Crude Oil Collapse 2014 vs Gold Price Crash 2013: Spot The Difference

In this article, analyst and trader Tom McClellan from The McClellan Market Report ( compares the crude oil crash of this year with prior collapses in oil. It appears that the previous similar collapse took place in 1986, as evidenced by the first chart.  The other large declines did not have a similar pattern of drivers. Think, for instance, of the 2008 crash where crude oil went from $145 down to $37 in just 8 months; that happened as a result of the pricking of a huge commodities bubble.  The decline in 1990-91 was also different as it was triggered by a price top that was way above prior levels.

In 1986, there was a decline from a horizontal price structure, when the Saudis abandoned OPEC oil quotas.  That decline was much like what we have just seen in 2014, also coming on Saudi action, and out of a flat price structure.



The more interesting finding from Tom McClellan, however, is in 2013 there was another big decline from a flat structure, but not in oil prices.  That 2013 decline was in gold prices, as shown in the chart below.


From The McClellan Market Report:

The magnitude and the urgency of the price declines in gold and oil are similar, which made it reasonable for me to look at their patterns to see if there are other resemblances.  Indeed there are, although the patterns do not really fall into step until around the July 2013 point in oil’s price history. That equates to the January 2012 price bottom for gold prices.  Stating it more simply: Oil is now doing what gold was doing 18 months before.

The correlation has not always existed.  The two patterns seem to have fallen into step together beginning around July 2013.  Before then, the correlation was almost detectable, but not nearly as good as it came to be after that point.  The implication of the current correlation is that if the recent pattern resemblance continues, then we should see a robust bounce in oil prices over the next 3 months.  But while such a bounce would get everyone excited about a supposed new bull market in oil prices, that hope should be illusory.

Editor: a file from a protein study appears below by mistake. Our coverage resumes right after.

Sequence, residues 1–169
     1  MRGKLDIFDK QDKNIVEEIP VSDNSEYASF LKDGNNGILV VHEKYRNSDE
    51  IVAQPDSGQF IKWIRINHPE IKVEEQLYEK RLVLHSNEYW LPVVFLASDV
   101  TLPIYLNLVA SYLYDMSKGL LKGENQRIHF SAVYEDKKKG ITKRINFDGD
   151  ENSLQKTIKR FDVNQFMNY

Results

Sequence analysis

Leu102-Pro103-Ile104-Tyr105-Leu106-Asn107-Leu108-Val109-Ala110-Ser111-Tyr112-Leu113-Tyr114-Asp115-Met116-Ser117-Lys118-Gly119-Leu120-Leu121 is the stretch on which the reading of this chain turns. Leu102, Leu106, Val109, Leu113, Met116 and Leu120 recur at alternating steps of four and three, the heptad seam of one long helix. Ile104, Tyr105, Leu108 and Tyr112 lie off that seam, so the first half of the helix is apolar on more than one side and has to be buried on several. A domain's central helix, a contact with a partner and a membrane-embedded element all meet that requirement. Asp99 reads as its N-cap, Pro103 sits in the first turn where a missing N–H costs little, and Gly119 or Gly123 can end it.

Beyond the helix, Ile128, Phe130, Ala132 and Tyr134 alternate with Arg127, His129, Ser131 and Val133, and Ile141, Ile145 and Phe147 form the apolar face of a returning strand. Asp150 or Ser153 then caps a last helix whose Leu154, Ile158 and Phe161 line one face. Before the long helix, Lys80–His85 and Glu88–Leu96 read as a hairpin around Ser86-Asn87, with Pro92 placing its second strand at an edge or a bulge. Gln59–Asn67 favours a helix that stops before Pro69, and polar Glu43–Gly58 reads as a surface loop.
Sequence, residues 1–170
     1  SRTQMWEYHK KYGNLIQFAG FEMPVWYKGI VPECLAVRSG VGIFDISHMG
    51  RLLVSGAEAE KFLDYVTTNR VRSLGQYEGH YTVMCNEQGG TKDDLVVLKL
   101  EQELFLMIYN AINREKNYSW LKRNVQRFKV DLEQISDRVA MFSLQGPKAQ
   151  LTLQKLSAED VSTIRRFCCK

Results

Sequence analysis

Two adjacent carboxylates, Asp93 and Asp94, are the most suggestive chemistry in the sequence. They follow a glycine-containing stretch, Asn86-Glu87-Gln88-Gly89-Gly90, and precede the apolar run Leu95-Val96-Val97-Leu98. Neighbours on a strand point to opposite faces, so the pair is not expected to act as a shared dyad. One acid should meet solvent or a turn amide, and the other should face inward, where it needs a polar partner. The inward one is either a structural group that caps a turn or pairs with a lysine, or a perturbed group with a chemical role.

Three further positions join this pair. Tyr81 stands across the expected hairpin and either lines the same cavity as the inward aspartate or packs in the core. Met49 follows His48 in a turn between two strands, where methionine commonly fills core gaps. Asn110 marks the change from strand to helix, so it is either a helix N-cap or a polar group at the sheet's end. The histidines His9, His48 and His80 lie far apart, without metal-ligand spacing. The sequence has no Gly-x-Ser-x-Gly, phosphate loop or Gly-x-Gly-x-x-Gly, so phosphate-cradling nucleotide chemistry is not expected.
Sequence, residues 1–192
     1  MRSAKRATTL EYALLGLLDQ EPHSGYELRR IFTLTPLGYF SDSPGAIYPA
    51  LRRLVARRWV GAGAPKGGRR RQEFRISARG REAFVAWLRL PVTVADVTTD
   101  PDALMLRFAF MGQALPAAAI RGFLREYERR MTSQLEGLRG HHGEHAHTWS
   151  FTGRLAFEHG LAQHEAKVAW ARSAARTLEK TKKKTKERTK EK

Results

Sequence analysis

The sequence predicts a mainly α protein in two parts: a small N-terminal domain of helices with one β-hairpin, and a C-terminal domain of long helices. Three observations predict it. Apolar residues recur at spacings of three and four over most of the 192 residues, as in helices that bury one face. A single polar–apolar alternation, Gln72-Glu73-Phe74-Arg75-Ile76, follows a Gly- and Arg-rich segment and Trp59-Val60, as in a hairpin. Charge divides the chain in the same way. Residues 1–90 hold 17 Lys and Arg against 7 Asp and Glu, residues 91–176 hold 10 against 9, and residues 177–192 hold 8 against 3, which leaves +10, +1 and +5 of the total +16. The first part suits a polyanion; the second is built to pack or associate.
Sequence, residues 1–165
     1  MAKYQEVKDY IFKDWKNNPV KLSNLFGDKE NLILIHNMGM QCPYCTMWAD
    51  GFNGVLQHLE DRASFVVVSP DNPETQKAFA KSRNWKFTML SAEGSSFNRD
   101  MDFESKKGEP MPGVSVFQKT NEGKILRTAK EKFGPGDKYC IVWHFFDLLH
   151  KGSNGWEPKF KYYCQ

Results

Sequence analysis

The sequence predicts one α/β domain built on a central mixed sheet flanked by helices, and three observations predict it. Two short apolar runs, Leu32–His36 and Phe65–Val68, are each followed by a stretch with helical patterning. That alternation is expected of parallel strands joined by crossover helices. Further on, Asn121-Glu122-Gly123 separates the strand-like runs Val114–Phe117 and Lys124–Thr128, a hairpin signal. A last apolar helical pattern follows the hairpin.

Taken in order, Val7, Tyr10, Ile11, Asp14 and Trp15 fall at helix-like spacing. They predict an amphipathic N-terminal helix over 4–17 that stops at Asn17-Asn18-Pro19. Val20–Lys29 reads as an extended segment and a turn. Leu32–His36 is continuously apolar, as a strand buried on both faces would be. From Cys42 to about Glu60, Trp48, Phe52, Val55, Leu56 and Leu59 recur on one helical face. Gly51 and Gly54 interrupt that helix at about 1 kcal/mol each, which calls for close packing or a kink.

As long as we are talking about the resemblance of oil’s late-2014 price slide to that of gold back in early 2013, it is also appropriate to once again make the comparison of gold’s current price pattern to what we saw before in the SP500.  I showed this previously back on June 26, 2013.

Since then, gold has roughly followed the pattern laid down by the SP500, although the correlation has been imperfect.  My sense is that if the Fed had not slathered the market with a whole bunch of quantitative easing (QE) to boost stock prices, we would have seen a better correlation.  Still, the recent bottoming action in gold prices in 2014 matches the bottoming action of the SP500 in 2010, in the months following the May 2010 Flash Crash.



According to McClellan’s insights, these similarities between these types of price patterns can suddenly stop working, usually at the moment when one is counting on them most to continue working.

The investment lesson here is that investors and traders tend to react in a similar fashion, driven by the same psychological behaviour.  If history is of any guide, then the climax point for the oil price decline is behind us; a robust but failing rebound could get everyone excited about oil again in 2015, although a major disappointment could follow afterwards.

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